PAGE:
The trail of the Tsarnaevs seems, for the moment, to remain one of lone wolves. But counterterror operatives see details that suggest a wider organization may yet be discovered. Most telling: the sheer firepower the Tsarnaevs were able to bring to bear in their shootout with police. They appeared to have several unused bombs. And because terrorists learn from each other’s actions, some counterterror analysts are speculating that they may have planned a bigger operation at the marathon, or perhaps to come. One possible example is the bloody Mumbai attack in 2008, carried out by a handful of men, which killed 164 people. “These are ‘wise guys,’” said one veteran counterterror official. “These are intelligent individuals who thought they could outsmart everybody and get away with it. They didn’t want to die. But they prepared a lot of stuff.”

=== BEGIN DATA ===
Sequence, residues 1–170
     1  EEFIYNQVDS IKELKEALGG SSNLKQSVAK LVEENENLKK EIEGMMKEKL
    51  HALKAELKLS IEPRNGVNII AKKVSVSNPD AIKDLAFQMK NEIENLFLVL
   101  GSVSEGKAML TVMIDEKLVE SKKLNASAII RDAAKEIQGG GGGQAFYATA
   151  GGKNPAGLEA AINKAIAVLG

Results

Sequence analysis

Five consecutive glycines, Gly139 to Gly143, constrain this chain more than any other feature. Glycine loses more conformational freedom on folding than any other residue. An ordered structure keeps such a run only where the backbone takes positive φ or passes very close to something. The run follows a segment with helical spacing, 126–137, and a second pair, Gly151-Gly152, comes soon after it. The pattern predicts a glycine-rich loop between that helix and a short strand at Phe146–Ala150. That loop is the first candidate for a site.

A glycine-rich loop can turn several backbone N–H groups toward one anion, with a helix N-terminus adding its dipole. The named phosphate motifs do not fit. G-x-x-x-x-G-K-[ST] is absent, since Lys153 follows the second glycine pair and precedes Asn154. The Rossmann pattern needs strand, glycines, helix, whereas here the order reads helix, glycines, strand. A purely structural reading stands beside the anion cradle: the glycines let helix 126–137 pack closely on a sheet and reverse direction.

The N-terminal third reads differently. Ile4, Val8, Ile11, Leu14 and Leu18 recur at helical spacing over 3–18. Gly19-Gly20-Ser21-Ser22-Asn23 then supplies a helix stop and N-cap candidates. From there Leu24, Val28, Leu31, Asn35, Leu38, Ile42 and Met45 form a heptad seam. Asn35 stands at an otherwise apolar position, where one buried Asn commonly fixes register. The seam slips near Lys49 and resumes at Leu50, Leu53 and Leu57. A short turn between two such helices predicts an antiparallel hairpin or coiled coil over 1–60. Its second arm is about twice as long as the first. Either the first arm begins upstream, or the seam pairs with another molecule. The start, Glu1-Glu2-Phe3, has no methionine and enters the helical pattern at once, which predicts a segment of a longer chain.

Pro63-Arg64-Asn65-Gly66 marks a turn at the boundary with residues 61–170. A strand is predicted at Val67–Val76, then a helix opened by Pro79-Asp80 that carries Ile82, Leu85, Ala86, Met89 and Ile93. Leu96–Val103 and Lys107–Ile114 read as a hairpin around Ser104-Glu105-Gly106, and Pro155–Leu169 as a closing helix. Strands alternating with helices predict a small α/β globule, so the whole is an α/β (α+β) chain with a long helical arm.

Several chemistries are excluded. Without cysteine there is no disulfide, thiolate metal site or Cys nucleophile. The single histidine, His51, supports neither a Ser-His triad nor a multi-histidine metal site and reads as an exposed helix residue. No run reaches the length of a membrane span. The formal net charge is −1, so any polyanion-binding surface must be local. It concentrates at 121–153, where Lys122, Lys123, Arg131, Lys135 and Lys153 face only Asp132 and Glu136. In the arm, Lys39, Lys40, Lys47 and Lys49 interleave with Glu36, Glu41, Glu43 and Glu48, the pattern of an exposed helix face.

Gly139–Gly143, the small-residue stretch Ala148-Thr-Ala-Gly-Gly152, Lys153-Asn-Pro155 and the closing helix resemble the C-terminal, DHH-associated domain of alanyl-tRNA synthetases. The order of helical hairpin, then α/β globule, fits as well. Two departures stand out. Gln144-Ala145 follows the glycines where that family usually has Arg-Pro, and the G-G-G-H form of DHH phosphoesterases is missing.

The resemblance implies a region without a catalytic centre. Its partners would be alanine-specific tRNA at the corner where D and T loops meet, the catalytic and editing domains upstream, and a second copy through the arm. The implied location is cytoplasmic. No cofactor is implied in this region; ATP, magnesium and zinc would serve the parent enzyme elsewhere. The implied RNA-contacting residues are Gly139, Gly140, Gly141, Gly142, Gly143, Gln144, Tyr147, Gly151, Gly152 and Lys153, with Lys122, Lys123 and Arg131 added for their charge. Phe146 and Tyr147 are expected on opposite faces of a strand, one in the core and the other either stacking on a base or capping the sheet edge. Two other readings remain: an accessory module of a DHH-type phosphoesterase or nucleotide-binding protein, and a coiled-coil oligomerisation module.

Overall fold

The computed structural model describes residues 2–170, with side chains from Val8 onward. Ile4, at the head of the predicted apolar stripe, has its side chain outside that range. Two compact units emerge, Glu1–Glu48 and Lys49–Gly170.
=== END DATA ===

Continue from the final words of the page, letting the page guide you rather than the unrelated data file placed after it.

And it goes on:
This doesn’t mean al Qaeda played no role: on the question of whether the lone wolves had domestic or international grievances, officials thought it likely that they were “inspired” by al Qaeda’s ferociously anti-American ideology, which paints the United States, essentially, as the root of all evil. . . .
The bombs used in Boston were improvised explosive devices, IEDs, made from everyday pressure cookers filled with easily fabricated explosives as well as nails and ball bearings to act as shrapnel. Investigators believed that could point to al Qaeda-inspired individuals. Jihadist guerrillas in Afghanistan, Pakistan, Iraq, and India commonly use such IEDs. But the bombs could also have been related to domestic terror. After all, the last man to attack strangers with an IED in the United States was Eric Rudolph, who planted a bomb at the 1996 Olympics in Atlanta.